- designer lamps! Make sure you get one, there are so many to chose from. Most of these lamps have a retro touch, which seems to be a feature of Danish homes.
- remember, less is more. (Mies van der Rohe said this. Maybe he was also Danish by heart.)
There is nothing quite like a fall day. I spent the afternoon outside, collecting leaves and walnuts, chasing the cat around the garden (and also chasing the neighbour's cat who was also chasing my cat) so I can say business as usual.
By the time I finished collecting and chasing, the garden looked like as if no work had been done there - the tree is big, has too many leaves and drops one every ten seconds, so I can start again tomorrow. Yeah, this is autumn for you.
The air cools down quickly, so after a day like this I could really do with a blanket and a cup of nice tea warming me up. Luckily the cat has also calmed down, and curled up in my lap.
Don't let the photo of Carrie mislead you. This moodboard does not have much to do with her, but I liked the colours, and I was inspired that scene I remembered, when the camera shows Carrie from the outside, sitting at her desk, as if the TV-watchers were peeking into her room from the street.
I was thinking about a mature, delicate and feminine home office. A classic but light environment for someone who has settled down and knows what she wants. The colours used are creamy and soft, baby blue mixed with rich dark wood and dark beige. The furniture design is kept simple, because the wallpaper has a vivid flowery pattern.
The overall effect is calm and soothing for a woman who wants to escape a bustling city life.
I can really feel autumn now. Not only did the temperature dropped low enough to make me shiver in the morning, but the leaves are turning yellow very quickly. Even if it is not raining, when it is so humid and cold like today, it feels so much better to be inside, with a lovely cup of tea and a good book. Normally I am a coffee person, but in cold seasons a cup of tea - with honey, cinnamon and spices - just feels so right. Especially when it is accompanied by some biscuits. Mmmm...
New York has been my big inspiration for a while - I am sure I am not the only one with this. If I had to pick one season, fall would be the time to visit this city. I want to see the stylish Brooklyn brownstones, feel the vibe of the buzzing Manhattan and take a walk in the leafy Central Park. Many films and series picked the Big Apple as their shooting location, I can hardly tell my favourite, but there is one I loved last year, and it was The Intern.
The movie made me drooling for brick walls, subway tiles and the eclectic chic of industrial and classy. Production designer Kristi Zea did a stellar job on the sets of the film, but instead of the movie's cool colours I was inspired by a warm palette here just to keep the autumn theme. The moss green sofa is in nice contrast with the burnt orange and rust colours of the rug and the brick wall. For a bit of sparkle I added a lamp in warm copper tone. The dark shades in the paining bring back the dark colour of the vase and the plaid; I could also place an old fashioned black cabinet with glass inserts somewhere in the room.
Autumn means back to school to students. Below you can find a moodboard about how to style a dorm room. I would say it is an unisex style, the black goes well with the bright colours, that are youthful, but gender-neutral. It is a practical and more mature environment, with a bit of colour to make it cheerful.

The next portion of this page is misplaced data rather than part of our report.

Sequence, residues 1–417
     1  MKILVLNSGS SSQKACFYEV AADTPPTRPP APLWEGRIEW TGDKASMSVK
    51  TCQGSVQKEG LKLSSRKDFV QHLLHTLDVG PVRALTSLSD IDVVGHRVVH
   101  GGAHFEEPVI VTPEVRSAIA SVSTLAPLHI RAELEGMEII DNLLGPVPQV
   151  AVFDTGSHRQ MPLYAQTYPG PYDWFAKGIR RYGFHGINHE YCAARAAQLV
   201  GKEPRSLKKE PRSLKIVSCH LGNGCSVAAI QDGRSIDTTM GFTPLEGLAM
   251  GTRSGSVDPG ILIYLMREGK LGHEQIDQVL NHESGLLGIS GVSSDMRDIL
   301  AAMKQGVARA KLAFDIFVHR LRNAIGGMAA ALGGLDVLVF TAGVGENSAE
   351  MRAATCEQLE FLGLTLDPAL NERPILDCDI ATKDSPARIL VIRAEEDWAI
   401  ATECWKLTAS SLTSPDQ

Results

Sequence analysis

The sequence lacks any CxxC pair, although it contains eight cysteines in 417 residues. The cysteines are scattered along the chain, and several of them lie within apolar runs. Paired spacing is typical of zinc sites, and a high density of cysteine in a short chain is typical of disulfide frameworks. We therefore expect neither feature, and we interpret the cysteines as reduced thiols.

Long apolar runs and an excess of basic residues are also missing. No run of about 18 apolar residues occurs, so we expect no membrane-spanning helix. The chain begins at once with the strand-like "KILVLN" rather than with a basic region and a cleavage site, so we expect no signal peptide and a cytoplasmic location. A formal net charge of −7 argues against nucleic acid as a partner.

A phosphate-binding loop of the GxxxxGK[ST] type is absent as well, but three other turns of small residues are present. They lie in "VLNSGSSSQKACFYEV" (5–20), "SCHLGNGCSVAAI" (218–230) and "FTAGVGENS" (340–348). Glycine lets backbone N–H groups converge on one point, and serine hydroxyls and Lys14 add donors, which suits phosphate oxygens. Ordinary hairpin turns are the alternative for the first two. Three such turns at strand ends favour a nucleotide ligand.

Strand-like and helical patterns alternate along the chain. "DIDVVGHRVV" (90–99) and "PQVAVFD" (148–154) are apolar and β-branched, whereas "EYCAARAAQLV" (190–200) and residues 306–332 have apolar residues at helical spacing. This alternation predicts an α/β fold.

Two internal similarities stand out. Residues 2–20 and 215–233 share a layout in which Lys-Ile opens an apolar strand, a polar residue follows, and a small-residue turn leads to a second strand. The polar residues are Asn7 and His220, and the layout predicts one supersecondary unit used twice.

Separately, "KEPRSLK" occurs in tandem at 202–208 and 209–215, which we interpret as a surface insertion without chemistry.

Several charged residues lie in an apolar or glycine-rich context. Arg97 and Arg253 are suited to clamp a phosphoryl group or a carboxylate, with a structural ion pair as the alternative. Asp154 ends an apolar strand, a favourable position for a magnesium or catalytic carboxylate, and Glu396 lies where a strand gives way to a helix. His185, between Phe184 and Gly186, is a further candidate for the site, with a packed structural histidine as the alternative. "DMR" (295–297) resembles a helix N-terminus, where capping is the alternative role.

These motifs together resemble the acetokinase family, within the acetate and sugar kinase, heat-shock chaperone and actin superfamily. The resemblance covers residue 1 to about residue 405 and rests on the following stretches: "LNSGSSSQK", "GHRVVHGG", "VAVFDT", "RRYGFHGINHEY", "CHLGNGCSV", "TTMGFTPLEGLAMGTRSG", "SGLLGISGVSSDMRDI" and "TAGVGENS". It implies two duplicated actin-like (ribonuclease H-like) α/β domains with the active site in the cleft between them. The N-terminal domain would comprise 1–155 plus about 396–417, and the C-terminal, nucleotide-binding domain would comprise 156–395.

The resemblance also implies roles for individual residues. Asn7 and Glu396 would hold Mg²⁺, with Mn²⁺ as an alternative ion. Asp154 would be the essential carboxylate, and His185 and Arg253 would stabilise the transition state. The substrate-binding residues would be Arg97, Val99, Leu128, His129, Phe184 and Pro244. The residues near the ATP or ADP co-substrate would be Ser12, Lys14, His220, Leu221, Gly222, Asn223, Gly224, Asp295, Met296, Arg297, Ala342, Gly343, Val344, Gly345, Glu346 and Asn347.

For a dorm room - depending on the space you have got - furniture with function and storage come handy. Colourful box shelves provide space to your things (you can put thing on and inside), and the desk is especially good, with open-up storage and integrated sound system.
I would definitely recommend even a small pin-up board to put memos and photos on.
John Lennon would be 76 years old today. I have always wanted to make a 60s and Beatles inspired music corner and eventually got round to finishing it today. Although I think music corner generally refers to a place with music instruments, I envisaged a Beatles fan's own place in the house, where he keeps his vinyl collection and other Beatles merchandise. This is also the place where he retreats to unwind after a long day.
Mid-century music boxes and sideboards have always fascianted me, so that was the starting point for this moodboard. As these are low cabinets, there is huge wallspace above them offering many possibilities to decorate. I chose a Beatles poster and a light coloured retro wallpaper. If the wallpaper had brighter colours, I would not use this poster, but the colour palette is very muted and balanced, so it looks good. Notice how the lampshade brings back the wallpaper motif, and also the square shape of the photos appears on the sideboard.
Yellow ochre is a great retro colour, that is why the modern armchair matches the environment. The yellow vase and retro bowl bring back the colour of the chair, and also provide and accent hue. The overall colour scheme would not look out of context in a Scandinavian setting, but the patterns bring it back to mid-century. Even the fan ceiling light is atomic age inspired, too.
I included a briefcase-style record player, because vinyl is back, too!
This spring I was not happy about H&M's home collection (see my post here), but now the brand really suprised me. I am not sure if it was their intention, but some of their items can find their way to an Art Deco style home very easily. I never thought about such a pairing - H&M Home and Art Deco -, and maybe the brains behind this collection also did not, but just take a look at this moodboard. With the exception of the table - see retailer here - the rest of the items are by H&M Home, and make a perfectly modern, stylish Art Deco set. Combine them with black, white, marble and shiny brass.